Counter-Strike: Global Offensive

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Counter-Strike: Global Offensive
Counter-Strike Global Offensive.jpg
Developer(s) Valve Corporation
Hidden Path Entertainment
Publisher(s) Valve Corporation
Series Counter-Strike
Engine Source
Platform(s) Windows
OS X
PlayStation 3
Xbox 360
Release date(s) NA August 21, 2012[1]

EU 20120821August 21, 2012
IND 20120821August 21, 2012

Genre(s) First-person shooter
Mode(s) Multiplayer
Distribution Download

Counter-Strike: Global Offensive (abbreviated as CS:GO) is an online tactical and first-person shooter developed by Valve Corporation and Hidden Path Entertainment, who also maintained Counter-Strike: Source after its release. It is the fourth game in the main Counter-Strike franchise.

Counter Strike Global Offensive was released on August 21, 2012, and made available for Microsoft Windows and OS X on Steam, Xbox Live Arcade, and a US-only version on PlayStation Network.[1] It features classic content, such as revamped versions of classic maps; as well as brand new maps, characters and game modes. Cross-platform multiplayer was planned between Windows, OS X and PSN players,[2] but was ultimately limited to Windows and OS X because of the differences in update-frequency between systems.[3] The PSN version offers three input control methods, which include using either the DualShock 3 controller, PlayStation Move or USB keyboard/mouse.

Gameplay[edit]

An in-game screenshot in which three members of the Terrorist team are running down a hallway holding guns. The front-most player is under a bright light, with the other two behind in shadows. What appears to be a blood stain is stained onto the wall, with a gun laying on the ground nearby.
In-game screenshot of a player on the Terrorist team.

Like the previous games in the series, Global Offensive is an objective-based multiplayer first-person shooter. Each player joins either the Terrorist or Counter-Terrorist team and attempts to complete objectives or eliminate the enemy team. The game operates in short rounds that end when all players on one side are dead or a team's objective is completed. For most game modes, once a player dies, they must wait until the round ends to respawn. Players purchase weapons and equipment at the beginning of every round with money awarded based on their performance. Completing objectives or killing enemies earns the player money while negative actions, like killing a teammate or hostage, takes money away from the player. In addition, when a round ends all players receive some amount of money, with players on the winning team receiving substantially more.[4]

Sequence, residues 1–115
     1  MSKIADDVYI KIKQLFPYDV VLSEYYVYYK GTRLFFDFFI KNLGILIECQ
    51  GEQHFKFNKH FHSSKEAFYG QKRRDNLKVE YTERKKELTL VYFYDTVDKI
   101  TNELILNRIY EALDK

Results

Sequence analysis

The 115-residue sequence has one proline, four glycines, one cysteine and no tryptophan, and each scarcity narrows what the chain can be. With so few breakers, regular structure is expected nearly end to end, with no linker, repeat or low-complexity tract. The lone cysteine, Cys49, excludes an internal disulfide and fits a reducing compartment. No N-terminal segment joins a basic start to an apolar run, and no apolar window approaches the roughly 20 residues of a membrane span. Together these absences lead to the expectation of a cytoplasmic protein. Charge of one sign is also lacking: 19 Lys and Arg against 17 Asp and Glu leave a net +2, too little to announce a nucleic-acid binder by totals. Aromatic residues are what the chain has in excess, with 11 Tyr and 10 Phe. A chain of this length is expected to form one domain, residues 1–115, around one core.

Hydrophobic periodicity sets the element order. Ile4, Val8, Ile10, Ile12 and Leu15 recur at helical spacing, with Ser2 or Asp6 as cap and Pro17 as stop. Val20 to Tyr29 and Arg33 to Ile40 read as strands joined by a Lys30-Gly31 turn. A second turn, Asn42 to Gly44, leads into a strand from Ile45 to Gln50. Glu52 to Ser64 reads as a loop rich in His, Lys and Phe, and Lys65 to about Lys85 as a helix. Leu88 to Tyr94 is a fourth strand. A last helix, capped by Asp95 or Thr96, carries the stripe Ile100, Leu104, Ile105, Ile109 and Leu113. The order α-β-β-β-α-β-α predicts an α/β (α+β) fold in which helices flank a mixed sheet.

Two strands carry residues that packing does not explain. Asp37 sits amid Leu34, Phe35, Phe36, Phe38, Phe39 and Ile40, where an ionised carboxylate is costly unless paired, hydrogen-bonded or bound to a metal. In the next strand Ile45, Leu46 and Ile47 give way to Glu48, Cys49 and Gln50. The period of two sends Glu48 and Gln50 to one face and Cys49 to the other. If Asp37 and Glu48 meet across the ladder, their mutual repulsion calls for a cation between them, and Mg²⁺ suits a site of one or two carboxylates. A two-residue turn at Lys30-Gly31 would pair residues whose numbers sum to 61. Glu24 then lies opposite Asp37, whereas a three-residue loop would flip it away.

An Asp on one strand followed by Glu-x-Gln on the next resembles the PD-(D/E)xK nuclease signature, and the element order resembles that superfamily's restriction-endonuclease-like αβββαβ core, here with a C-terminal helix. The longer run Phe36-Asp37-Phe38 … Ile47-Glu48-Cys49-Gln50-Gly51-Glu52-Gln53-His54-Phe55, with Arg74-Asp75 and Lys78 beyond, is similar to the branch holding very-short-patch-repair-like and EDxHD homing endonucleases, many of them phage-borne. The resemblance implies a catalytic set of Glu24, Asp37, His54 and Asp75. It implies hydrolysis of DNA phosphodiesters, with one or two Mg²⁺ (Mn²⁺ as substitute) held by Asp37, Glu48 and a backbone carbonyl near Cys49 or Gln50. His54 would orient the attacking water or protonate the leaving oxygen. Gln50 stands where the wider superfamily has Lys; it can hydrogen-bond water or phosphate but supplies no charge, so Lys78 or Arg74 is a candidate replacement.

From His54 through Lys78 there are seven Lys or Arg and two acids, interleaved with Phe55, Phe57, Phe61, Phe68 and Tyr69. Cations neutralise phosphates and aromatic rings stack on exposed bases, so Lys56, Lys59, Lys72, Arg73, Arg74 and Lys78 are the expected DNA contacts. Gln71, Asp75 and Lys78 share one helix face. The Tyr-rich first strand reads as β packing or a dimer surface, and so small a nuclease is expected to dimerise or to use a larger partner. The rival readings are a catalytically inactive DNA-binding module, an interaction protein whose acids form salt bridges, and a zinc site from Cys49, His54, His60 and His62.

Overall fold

Counter Strike: Global Offensive adds new weapons and equipment not seen in previous installments, most notably the firebomb for each side (Molotovs for Terrorists and incendiary grenades for Counter-Terrorists). These temporarily cover a small area in fire, dealing damage to anyone passing through.[5][6]

Game modes[edit]

Currently, Global Offensive features five game modes for online play:

  • Classic Casual and Competitive: Counter-Strike's most well-known game mode, both involving Defuse and Hostage missions.[7] At the start of each round, players can purchase weapons and gear with money earned from various actions, from assisting on kills to completing objectives. For both mission types, a round ends when either a team completes an objective, or eliminates the other team.
    • Defuse: the Terrorists must plant a C4 explosive at one of two designated bombsites; the Counter-Terrorists must prevent the bomb from exploding, either ensuring that the terrorist team does not plant it or defusing it once it is activated.[8]
    • Hostage: the Counter-Terrorists must rescue hostages from the Terrorists, and bring them to an extraction point; the Terrorists must prevent the hostages from escaping. If a Terrorist or Counter-Terrorist attempts to kill hostage, they will suffer a heavy cash penalty. An update later changed how Counter-Terrorists rescue hostages: instead of leading them around,[9] players must carry one hostage at a time to the extraction point.[10][11]
  • Arms Race: a deathmatch-based mode where each player is rewarded for each kill with a new weapon, with the first player to get a kill with every weapon in a predetermined set winning the game.[12][13]
  • Demolition: a round-based mode that removes weapon and equipment purchasing, instead rewarding players who manage at least one kill by giving the next weapon in a predetermined set of weapons. After a second kill with that weapon the players are also rewarded a grenade (of a random type) along with their new weapon for the next round.[14][15]
  • Deathmatch (added on November 12, 2012): a mode consisting of 10-minute matches.[16] Players must gain the highest possible score by earning kills with different weapons or desired weapons. The number of points from a kill depend on the weapon. Players may also take advantage of bonus timers for different weapons, using them to score extra points. Like in Arms Race, players automatically respawn after getting killed, but also when they choose to respawn with bonus weapons.[16][17]

Global Offensive also offers two offline modes: Offline with Bots, which offers the same game modes with AI-controlled bots; and a Weapons Course for inexperienced and veteran players alike.[18]